Is There a Connection Between Reducing Taxes and Creating Jobs?
Question/Comment: Simple question. President Obama and all members of Congress say the “stimulus bill must contain only monies targeted directly for job creation”.
Given that the stimulus bill now has 60 percent allocated for tax reductions, please explain the direct connection between reducing taxes and creating jobs. At this point, it appears to me the “connection” is merely theoretical, and is patently disproved by recent history.
Paul Solman: There is considerable controversy over the extent to which any stimulus – spending OR tax cuts – will create more jobs than would have been created in their absence. At some level, the problem is philosophical. Yes, the past is prologue (to the present and future), but the present and future are unique, and may well fail to reflect that past, much less repeat it. So neither “recent history” nor the not-so-recent past proves anything about what is passing or to come.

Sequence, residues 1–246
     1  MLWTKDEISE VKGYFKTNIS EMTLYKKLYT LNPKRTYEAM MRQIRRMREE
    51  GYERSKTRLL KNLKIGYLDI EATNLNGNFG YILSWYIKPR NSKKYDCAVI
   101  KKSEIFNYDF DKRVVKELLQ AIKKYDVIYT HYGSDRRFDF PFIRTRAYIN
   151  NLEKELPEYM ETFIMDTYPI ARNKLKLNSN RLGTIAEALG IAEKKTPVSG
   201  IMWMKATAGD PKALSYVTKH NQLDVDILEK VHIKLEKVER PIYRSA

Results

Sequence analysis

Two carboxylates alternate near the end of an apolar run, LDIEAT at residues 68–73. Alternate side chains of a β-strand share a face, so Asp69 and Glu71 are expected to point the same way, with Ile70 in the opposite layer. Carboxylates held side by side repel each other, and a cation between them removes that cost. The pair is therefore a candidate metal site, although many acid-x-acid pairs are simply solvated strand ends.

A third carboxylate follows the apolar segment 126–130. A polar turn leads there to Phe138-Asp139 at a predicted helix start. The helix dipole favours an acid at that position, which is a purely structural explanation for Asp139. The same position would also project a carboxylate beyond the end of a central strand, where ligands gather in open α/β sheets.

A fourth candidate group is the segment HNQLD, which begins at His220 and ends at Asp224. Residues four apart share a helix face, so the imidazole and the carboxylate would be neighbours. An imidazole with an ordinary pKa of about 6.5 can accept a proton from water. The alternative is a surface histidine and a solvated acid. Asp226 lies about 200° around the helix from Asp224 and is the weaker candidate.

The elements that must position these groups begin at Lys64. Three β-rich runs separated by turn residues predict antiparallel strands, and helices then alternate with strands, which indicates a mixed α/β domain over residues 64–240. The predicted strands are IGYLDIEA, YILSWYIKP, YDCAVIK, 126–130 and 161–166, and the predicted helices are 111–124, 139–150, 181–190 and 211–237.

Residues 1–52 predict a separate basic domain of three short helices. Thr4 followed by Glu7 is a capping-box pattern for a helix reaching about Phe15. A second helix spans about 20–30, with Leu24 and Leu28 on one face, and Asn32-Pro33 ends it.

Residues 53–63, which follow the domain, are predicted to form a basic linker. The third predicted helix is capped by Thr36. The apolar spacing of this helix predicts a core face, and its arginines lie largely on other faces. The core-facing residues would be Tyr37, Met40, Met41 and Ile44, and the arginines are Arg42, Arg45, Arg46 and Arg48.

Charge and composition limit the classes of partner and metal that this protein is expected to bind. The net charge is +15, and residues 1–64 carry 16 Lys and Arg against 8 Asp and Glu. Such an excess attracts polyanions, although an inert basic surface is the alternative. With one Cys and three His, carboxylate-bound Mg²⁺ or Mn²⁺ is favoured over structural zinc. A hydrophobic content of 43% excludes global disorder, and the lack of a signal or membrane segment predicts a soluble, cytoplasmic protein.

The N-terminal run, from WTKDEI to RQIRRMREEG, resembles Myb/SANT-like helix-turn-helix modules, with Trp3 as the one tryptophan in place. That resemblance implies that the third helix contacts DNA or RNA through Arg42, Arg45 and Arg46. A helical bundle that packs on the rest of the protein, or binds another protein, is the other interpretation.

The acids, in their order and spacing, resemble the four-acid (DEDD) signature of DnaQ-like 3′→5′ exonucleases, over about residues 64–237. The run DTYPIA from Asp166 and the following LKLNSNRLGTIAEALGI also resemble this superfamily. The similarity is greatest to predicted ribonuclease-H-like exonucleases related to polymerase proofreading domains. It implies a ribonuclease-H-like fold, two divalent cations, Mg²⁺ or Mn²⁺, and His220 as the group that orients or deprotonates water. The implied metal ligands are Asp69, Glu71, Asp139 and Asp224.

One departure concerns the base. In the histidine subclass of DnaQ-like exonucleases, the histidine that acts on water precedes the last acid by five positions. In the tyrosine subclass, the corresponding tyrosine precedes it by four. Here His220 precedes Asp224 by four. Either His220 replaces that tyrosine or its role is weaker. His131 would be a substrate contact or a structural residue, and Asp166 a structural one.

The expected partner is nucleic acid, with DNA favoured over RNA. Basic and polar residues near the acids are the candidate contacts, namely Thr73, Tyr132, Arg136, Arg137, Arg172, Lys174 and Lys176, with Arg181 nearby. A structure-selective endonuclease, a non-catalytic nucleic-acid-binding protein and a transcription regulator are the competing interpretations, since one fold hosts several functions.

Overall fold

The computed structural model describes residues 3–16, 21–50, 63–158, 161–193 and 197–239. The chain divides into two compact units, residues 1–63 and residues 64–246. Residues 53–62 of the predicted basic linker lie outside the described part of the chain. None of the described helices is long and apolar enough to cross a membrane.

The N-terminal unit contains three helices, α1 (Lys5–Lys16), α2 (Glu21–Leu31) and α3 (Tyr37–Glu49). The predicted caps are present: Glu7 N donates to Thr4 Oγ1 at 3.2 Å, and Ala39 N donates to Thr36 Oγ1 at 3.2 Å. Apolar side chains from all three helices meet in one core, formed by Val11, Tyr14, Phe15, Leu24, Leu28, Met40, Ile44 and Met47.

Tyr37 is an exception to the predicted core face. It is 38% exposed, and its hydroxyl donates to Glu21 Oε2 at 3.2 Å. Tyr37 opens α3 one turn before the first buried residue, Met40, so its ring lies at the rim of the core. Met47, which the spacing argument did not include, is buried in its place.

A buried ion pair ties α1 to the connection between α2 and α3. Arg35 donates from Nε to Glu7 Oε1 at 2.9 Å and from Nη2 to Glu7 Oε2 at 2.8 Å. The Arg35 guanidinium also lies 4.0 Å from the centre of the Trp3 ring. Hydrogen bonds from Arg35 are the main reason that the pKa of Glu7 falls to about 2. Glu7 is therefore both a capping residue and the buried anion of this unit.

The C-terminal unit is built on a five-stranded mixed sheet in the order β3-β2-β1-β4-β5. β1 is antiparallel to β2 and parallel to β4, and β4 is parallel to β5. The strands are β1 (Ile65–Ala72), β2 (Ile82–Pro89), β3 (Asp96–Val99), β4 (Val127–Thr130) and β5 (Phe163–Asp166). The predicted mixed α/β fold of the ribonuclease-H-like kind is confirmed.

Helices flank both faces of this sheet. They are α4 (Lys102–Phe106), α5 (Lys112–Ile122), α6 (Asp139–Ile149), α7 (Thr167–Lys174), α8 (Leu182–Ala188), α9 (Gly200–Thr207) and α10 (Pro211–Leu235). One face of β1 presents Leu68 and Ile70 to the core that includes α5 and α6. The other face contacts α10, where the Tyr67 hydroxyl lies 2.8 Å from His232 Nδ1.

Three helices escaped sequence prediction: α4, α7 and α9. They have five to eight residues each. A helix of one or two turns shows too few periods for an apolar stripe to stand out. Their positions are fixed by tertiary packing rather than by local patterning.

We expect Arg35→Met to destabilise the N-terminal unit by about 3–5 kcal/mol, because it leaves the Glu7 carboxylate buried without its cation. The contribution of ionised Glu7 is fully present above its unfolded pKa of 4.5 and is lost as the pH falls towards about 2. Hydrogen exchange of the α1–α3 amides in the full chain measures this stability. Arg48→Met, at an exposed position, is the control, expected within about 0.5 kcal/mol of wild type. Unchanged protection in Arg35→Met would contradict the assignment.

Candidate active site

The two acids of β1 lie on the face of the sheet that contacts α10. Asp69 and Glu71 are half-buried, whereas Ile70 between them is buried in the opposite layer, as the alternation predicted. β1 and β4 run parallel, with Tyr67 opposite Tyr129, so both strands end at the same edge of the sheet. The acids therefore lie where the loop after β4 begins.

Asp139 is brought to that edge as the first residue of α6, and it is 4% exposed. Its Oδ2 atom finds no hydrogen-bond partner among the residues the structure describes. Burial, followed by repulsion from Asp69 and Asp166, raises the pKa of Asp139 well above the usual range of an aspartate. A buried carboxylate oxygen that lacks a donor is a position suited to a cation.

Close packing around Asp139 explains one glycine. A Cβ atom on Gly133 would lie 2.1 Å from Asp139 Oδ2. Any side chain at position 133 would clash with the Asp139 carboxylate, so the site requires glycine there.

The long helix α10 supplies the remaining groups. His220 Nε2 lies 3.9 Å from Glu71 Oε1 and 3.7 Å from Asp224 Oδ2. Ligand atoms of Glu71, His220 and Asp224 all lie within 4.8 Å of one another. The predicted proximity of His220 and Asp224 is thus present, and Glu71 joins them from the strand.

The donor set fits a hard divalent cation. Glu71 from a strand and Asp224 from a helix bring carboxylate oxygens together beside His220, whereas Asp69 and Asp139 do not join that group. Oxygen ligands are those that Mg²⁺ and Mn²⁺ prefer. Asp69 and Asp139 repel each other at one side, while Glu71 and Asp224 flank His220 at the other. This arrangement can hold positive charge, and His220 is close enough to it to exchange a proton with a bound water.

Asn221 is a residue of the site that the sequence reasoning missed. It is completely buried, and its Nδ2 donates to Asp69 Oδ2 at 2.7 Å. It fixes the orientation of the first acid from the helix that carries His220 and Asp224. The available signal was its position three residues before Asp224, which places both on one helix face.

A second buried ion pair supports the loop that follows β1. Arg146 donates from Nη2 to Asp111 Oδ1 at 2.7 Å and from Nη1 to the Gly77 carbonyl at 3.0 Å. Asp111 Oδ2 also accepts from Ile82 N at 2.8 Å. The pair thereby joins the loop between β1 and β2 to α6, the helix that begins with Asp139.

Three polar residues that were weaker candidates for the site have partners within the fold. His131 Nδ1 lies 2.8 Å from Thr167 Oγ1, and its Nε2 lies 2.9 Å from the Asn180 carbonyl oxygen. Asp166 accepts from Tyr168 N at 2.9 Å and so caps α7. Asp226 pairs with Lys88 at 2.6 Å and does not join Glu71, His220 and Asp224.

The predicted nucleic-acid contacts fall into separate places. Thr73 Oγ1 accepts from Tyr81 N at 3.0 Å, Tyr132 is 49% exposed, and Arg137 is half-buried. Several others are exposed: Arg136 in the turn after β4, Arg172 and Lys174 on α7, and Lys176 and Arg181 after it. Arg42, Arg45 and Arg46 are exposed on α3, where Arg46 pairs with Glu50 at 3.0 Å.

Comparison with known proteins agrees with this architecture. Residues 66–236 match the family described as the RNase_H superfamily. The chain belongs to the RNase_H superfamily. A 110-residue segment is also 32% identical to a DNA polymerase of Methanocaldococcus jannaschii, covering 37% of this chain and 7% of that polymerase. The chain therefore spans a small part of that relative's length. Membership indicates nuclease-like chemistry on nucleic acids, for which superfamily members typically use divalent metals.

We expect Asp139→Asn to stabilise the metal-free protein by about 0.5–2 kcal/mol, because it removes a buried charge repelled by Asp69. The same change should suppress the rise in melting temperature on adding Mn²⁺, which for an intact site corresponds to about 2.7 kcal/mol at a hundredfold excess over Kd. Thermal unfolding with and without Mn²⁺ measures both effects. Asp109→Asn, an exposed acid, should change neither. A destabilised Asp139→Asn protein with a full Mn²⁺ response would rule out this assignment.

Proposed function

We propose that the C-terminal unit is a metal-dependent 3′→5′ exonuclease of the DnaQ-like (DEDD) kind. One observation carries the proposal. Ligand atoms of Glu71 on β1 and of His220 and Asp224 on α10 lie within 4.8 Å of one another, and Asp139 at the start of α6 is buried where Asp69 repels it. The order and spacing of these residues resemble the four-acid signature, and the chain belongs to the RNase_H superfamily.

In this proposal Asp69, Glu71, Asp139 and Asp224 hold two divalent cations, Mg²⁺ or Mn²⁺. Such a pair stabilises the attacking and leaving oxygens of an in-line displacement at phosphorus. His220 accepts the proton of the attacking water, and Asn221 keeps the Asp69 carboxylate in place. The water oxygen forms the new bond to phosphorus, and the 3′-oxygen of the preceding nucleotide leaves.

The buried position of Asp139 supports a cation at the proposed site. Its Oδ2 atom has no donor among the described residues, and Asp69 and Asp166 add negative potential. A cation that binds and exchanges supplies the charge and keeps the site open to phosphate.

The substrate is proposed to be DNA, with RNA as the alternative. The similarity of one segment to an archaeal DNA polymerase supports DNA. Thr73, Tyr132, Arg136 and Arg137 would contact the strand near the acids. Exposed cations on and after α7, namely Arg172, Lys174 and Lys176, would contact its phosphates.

More muddlesome still, we can’t run experiments within history itself. How can we ever know if more jobs WOULD HAVE BEEN created had there, or had there not, been tax cuts, spending surges, etc?
That said, the reasoning is as follows: Consumers aren’t spending on the goods and services America has the people and resources to produce. Businesses aren’t either. Nor foreigners. As a result, more and more of those people and resources (factories, raw materials) are being idled. How else to remobilize them if not to get money into the economy? That’s government’s job at this point.
There are two ways to do it. One is for government to SPEND, thus PAYING people to mobilize. Another is to GIVE THEM money, goading them to spend. Since people already pay money to government via taxes, the easiest way to give them government money is by telling them to pay LESS. Thus, tax cuts.
The argument AGAINST tax cuts: people will save the money instead of spending it. But that could happen if they were PAID by government as well. A lot of the current argument is over which method of getting money to people – government jobs or tax cuts – is more likely to get people spending.